How do you get your home sold?
The easy answer is you find a buyer who is qualified to purchase your home.
The hard part is finding the buyer who is qualified today and who likes your home.
First, what you paid for your home has no relation to what it will sell for today.
You have to get by how much you may lose or how much you could have made if you sold it years ago.
No doubt most of us have an emotional attachment to our homes; however, you have to look at your home from the buyer’s perspective.
In today’s market, if the home is not competitively priced, it will not sell.
Realtor’s price homes by comparable sales in the home’s locale and are often met with a seller who thinks their home is worth more than statistics indicate.
If it is listed at the seller’s wishful thinking price, we call this an “overpriced” listing that will languish on the market.
Truth be told, even some Realtors get emotional and irrational about the pricing of their own homes when they go to sell them.
Many sellers will point out all the fine touches they have done to their homes.
For example, homeowners will tell us about how they handpicked their kitchen cabinet knobs or the special curtains on the windows.
The amenities are important to the seller, but to be honest, the buyer just does not care if it does not suit their taste and these amenities will not make the home’s value higher.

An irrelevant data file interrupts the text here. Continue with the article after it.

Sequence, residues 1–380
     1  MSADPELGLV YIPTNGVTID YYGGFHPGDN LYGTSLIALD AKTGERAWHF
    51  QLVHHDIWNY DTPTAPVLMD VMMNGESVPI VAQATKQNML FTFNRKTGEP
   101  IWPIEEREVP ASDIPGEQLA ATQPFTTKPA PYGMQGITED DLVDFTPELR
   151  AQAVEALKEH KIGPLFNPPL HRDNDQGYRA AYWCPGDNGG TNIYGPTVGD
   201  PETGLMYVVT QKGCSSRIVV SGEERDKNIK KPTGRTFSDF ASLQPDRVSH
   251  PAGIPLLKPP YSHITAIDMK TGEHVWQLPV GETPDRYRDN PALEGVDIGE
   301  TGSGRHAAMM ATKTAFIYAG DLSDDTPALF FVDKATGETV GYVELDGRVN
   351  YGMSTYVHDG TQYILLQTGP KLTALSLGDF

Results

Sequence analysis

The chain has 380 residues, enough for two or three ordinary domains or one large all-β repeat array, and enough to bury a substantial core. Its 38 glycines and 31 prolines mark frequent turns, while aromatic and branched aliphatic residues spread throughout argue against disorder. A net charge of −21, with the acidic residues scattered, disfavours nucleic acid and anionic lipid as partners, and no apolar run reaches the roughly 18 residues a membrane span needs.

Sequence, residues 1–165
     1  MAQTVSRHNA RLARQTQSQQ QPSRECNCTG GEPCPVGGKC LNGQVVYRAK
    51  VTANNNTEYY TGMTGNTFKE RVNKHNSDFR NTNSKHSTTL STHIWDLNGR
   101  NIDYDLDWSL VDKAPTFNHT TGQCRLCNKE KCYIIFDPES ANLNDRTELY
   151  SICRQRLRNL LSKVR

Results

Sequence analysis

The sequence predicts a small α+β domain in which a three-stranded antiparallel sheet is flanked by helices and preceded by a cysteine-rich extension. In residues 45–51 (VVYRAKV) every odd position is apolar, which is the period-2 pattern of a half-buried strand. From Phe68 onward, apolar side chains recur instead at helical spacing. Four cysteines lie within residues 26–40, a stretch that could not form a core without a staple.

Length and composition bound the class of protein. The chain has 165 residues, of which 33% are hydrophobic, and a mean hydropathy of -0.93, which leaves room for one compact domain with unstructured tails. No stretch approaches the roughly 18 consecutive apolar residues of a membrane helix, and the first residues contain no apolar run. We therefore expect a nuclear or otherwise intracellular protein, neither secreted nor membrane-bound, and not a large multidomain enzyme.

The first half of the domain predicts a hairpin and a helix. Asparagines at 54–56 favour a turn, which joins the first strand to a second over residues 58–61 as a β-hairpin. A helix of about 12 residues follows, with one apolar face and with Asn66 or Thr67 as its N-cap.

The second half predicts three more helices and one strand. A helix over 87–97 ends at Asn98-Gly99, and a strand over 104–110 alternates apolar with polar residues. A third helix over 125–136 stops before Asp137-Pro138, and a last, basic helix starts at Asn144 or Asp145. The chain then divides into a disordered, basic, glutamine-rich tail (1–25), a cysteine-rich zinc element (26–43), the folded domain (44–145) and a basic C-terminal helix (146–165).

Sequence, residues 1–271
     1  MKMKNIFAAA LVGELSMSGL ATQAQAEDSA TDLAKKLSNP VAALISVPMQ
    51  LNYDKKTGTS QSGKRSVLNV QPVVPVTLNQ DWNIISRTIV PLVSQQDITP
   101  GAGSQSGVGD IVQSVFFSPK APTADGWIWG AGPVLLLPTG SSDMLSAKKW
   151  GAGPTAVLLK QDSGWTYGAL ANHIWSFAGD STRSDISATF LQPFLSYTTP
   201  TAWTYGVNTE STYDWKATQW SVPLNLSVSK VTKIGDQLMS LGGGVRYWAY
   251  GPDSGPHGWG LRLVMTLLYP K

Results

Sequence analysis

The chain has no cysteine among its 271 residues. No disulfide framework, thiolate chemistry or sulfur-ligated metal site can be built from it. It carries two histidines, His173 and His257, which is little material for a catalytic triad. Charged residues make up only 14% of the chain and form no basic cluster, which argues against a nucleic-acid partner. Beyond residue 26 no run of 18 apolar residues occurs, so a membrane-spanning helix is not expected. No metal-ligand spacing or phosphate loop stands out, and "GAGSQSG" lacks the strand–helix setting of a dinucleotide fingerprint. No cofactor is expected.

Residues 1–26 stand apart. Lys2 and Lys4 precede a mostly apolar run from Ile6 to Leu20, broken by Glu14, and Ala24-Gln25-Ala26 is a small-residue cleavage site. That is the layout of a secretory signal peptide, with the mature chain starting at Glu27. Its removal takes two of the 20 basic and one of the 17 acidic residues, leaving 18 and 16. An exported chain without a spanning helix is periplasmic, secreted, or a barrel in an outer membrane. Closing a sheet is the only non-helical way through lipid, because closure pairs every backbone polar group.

My mother-in-law loved pink and used the color throughout her home.
Her bedroom was so garish that you needed sunglasses.
Honestly, it is a wonder that she could sleep in that room, but she loved it and she enjoyed it while she lived there.
A prospective buyer would not get by her taste so in order to sell the property we would suggest neutral paint colors so the buyers could envision living in the home.
Clutter is a killer.
You cannot fault a homeowner’s desire to be surrounded by the possessions they love; however, a buyer needs to see the home.
If a home is full of stuff, the buyer will only see the stuff and not place themselves in the home.
Pack some boxes, rent a storage unit and anticipate your move.
Lastly, when the Realtor shows your home to a potential buyer, you should be out of the home.
Because of the emotional attachment to the home, sellers tend to want to get involved with the buyer and explain every nuance of their home.
This puts pressure on the buyer and often times leads to a hurried exit which diminishes the chance of a sale.
It is best to leave the showing and selling of the home in the hands of an experienced real estate professional.
Ray Pugel is a designated broker for Coldwell Banker Bishop Realty. Contact him at (928) 474-2216.